Saturday, September 15, 2012

The Dark Side Continued

Gothic Forest by kuba - Dark gothic forest landscapeNot long ago, I shared a post about darkness in children's literature.  I've been thinking again about that question lately.  I've been revising a YA novel that is magical realism.  The plot is constantly out of control and elusive, but there's something about this piece that keeps pulling me back to it.  I've been bringing the existing pages to my YA critique group and mulling over their comments.  Somehow those comments recently led me to rewrite a pivotal scene into a much darker direction, opening up an almost sinister side to my protagonist, a side she's probably frightened of in herself, the destructive hatred of her parent.  Matricide comes to mind.  (Mom, if you read this, don't worry.  I love you.)

If I'm being honest, I think a lot of teens have these feelings.  So, introducing this element more explicitly into my story feels exciting, and terrifying.  Those of us who are not teens are understandably uncomfortable with a teen's capacity to do real harm to another human being.  But when I was a teen, my own dark sides terrified me and obsessed me.  So, venturing down this road with my protagonist interests me.  How do we manage to come through the other end of those huge feelings of rage and those destructive tendencies?  How do we explore them, harness them, process them?  What happens when we try to ignore them or avoid them?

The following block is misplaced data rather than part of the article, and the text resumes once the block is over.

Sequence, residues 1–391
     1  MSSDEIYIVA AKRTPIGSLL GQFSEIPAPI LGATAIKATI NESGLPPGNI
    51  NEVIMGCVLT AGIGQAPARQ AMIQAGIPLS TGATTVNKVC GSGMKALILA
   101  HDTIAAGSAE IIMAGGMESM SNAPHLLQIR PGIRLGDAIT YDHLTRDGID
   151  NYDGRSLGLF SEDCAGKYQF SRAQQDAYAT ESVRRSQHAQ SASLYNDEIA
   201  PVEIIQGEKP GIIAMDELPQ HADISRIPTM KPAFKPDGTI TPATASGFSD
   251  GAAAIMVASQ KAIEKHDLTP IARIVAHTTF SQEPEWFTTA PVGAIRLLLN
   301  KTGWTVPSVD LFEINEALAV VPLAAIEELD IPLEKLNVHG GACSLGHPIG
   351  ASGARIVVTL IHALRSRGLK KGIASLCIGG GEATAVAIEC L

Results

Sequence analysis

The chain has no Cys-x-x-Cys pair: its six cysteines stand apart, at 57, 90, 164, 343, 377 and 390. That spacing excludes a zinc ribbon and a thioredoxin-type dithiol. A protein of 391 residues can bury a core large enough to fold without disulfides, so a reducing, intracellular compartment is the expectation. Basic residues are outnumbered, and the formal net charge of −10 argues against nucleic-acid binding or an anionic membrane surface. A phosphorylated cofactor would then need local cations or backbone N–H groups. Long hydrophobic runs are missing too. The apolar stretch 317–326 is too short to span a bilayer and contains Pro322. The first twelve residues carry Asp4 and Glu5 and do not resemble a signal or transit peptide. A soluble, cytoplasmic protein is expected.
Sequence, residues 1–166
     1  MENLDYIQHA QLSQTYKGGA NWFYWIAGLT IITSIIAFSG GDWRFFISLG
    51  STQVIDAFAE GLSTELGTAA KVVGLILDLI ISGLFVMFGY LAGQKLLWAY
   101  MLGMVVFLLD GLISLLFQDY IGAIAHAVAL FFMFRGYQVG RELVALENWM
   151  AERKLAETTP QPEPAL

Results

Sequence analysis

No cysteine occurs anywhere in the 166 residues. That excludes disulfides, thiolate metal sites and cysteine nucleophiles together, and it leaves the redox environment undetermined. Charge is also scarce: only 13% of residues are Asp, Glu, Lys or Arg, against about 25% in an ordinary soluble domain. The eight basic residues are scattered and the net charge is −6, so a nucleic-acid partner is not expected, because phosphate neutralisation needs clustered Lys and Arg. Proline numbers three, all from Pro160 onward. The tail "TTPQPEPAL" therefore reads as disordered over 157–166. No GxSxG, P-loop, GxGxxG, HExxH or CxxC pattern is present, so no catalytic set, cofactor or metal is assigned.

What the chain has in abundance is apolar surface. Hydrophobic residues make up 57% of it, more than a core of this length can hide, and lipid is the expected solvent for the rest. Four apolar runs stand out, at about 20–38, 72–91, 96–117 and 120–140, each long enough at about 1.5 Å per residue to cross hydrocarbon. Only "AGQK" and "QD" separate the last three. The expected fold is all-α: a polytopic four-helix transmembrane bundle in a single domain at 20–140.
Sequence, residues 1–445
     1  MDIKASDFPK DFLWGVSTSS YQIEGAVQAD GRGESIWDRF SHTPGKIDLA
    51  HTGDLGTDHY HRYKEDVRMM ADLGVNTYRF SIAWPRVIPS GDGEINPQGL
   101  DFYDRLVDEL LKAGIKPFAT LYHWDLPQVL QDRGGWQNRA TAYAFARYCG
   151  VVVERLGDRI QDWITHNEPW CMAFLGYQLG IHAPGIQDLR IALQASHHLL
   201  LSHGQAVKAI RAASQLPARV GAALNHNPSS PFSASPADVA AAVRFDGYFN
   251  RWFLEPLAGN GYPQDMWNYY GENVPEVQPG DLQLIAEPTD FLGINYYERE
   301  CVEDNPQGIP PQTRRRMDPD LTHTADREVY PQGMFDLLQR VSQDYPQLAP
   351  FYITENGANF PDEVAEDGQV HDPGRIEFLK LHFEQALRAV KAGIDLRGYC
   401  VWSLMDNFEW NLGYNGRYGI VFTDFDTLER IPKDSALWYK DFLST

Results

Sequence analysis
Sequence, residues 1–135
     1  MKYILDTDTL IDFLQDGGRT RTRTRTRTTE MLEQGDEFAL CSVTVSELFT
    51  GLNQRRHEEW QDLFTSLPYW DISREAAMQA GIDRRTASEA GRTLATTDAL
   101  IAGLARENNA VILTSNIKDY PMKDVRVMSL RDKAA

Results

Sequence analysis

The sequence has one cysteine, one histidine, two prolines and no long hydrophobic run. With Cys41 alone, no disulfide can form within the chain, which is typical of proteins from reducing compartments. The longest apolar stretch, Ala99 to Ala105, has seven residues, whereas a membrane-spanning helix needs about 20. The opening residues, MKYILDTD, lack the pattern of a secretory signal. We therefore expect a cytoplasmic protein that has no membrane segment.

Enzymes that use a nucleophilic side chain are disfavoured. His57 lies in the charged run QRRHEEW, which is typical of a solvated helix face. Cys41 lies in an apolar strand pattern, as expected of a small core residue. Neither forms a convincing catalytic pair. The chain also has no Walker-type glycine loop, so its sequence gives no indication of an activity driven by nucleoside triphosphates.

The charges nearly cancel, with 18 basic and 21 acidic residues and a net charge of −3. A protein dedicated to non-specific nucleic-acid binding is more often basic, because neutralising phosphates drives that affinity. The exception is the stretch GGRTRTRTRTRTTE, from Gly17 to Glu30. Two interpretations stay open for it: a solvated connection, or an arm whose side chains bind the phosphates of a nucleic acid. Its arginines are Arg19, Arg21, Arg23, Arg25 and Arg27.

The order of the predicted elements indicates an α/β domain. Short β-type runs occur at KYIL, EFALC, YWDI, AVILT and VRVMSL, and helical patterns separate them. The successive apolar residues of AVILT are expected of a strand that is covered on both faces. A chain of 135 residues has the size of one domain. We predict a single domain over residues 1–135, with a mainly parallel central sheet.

In the end, I think this story will be infinitely stronger when I take it in this direction.  But I'm worried.  I'm pretty confident the teen readers will have no problem with this darker vision.  I wonder if the adult gatekeepers will be able to handle it.  I wonder, frankly, if I will be able to handle it.  Time, as Virginia Woolf would say, to strangle the angel in the house.

1 comment:

  1. With Neil Gaiman winning Newberry Awards I don't think you have a commercial worry per se, but you'll need to be careful pitching agents who have handled such. There is something of a backlash against the dark trend in kids lit, but it can be hard in that backlash to divorce the "I don't want to have to actively parent" objection from the 'This really isn't for kids' objection. Already as a parent of a 3-year-old I'm finding it hard to get across / get around some of the concepts in fairy tales. As for your own efforts, you're not a writer who shies from the ugly; just keep hold of your character as a whole and love them even as they do ugly things. Better brutal than didactic!


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